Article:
Mummy x-rays reveal surprising discovery

RECENT X-rays of an Egyptian mummy from the first century AD have revealed a surprising discovery.

The outside was decorated with a portrait of an adult woman, however, the x-rays have revealed that inside there is the body of a girl who was only five years old when she died.

The findings, published in the Journal of the Royal Society, have allowed researchers to learn a little more about the girl and how she was buried.

The scientists carried out new CAT scans to see the structure of the mummy in its entirety, since the old scans of this mummy were from two decades ago and it was impossible to see many details.

The mummy, officially known as Hawara Portrait Mummy No. 4, is part of the collection from the Block Museum, on the campus of Northwestern University (Illinois, USA).

It is named after Hawara, the place in Egypt where this mummy was found during an excavation between 1910 and 1911.

Stuart Stock, a research professor of cell biology at Northwestern University in Chicago and lead author of the study, said that during the Roman era in Egypt it was common to paint portraits on the front surface of mummies.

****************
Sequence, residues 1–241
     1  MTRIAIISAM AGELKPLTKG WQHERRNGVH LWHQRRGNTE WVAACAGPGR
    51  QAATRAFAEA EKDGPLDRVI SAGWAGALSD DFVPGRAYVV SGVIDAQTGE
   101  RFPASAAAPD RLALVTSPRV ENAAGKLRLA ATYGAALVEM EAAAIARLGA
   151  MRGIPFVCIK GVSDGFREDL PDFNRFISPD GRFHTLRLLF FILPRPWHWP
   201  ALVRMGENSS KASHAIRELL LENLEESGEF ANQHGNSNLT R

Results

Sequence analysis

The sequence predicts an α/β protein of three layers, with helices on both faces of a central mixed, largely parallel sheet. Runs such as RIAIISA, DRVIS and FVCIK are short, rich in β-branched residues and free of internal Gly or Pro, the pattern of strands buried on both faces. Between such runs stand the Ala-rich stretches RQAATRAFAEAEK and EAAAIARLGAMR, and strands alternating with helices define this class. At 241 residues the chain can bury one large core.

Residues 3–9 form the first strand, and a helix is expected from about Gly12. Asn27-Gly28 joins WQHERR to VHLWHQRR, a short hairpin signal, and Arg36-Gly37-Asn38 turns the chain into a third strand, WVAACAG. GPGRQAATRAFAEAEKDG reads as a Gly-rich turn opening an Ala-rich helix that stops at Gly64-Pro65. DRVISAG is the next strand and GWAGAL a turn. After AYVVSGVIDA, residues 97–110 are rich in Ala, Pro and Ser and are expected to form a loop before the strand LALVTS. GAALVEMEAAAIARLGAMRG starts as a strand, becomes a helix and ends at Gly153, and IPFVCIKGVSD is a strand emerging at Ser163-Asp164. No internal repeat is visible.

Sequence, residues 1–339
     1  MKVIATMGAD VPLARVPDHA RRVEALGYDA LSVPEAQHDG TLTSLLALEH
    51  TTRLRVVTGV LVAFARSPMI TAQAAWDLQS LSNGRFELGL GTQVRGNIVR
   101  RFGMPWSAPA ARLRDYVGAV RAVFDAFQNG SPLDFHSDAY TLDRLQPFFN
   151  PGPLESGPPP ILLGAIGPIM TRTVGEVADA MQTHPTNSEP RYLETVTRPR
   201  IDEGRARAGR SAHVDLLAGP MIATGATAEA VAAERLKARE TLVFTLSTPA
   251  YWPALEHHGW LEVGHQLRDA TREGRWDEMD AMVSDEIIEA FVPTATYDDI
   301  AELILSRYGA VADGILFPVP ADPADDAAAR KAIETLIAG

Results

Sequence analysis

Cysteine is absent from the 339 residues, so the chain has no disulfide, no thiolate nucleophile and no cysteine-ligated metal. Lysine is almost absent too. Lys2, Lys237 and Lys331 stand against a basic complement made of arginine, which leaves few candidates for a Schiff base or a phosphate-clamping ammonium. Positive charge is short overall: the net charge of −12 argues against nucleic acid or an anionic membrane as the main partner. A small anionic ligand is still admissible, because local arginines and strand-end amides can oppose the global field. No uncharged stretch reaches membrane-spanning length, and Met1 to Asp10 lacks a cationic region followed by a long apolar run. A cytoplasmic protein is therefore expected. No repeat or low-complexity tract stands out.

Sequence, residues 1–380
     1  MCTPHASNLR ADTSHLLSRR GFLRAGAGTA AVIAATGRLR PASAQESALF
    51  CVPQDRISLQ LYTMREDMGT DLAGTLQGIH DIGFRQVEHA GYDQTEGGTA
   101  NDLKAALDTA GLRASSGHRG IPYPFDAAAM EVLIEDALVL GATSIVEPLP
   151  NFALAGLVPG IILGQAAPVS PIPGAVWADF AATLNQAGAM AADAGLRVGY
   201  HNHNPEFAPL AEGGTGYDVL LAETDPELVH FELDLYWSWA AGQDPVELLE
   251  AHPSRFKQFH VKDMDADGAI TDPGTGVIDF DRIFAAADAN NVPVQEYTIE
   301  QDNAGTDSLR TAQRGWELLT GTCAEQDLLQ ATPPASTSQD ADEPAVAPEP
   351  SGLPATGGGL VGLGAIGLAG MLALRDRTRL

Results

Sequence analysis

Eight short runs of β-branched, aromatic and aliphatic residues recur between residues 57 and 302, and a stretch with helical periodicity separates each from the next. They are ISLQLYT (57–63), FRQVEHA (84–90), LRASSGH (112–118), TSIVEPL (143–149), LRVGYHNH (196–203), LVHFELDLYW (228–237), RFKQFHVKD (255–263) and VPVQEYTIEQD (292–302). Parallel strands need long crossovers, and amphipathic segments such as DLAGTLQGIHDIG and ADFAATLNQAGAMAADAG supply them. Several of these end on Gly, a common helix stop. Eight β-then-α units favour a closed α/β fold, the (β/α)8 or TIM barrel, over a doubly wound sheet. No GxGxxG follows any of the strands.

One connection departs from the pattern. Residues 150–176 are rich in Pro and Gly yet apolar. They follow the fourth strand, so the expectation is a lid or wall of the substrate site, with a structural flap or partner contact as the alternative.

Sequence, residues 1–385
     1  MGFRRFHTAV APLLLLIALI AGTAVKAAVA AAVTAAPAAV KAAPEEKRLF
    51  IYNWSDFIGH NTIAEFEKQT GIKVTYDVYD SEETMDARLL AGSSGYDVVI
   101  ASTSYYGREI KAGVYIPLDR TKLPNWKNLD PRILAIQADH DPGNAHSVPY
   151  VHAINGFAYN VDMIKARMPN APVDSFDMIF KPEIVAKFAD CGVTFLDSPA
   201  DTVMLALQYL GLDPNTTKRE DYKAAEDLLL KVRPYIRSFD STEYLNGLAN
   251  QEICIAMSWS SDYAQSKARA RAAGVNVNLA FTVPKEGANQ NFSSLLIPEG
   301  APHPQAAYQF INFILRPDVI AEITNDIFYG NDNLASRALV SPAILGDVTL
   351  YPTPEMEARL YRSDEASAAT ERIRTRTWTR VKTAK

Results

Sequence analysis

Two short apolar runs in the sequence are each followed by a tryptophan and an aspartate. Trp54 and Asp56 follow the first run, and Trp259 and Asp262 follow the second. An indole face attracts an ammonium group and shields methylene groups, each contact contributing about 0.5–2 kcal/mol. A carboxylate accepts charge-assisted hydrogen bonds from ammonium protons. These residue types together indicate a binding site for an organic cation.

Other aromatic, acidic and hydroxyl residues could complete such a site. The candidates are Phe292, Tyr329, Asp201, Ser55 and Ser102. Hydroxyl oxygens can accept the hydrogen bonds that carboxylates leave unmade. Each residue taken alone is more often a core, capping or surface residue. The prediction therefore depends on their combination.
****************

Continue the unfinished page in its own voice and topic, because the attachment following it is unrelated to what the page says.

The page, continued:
Despite the drawing showing an adult female, the size of the mummy suggested otherwise, and scientists confirmed that the mummy was actually a girl, so small that her permanent teeth hadn’t even grown.

Researchers were also puzzled by another discovery: a small, elliptical object about seven millimetres long, located in the mummy’s wraps on the abdomen. Stock explained it was an object made of calcite and it is believed that it could be an added amulet because the girl’s body was damaged during mummification.

He said that priests used to place amulets on the damaged body part to protect that person in the afterlife.


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Written by

Jennifer Leighfield

Jennifer Leighfield, born in Salisbury, UK; resident in Malaga, Spain since 1989. Degree in Translation and Interpreting in Spanish, French and English from Malaga University (2005), specialising in Crime, Forensic Medicine and Genetics. Published translations include three books by Richard Handscombe. Worked with Euro Weekly News since November 2006. Well-travelled throughout Spain and the rest of the world, fan of Harry Potter and most things ‘geek’.

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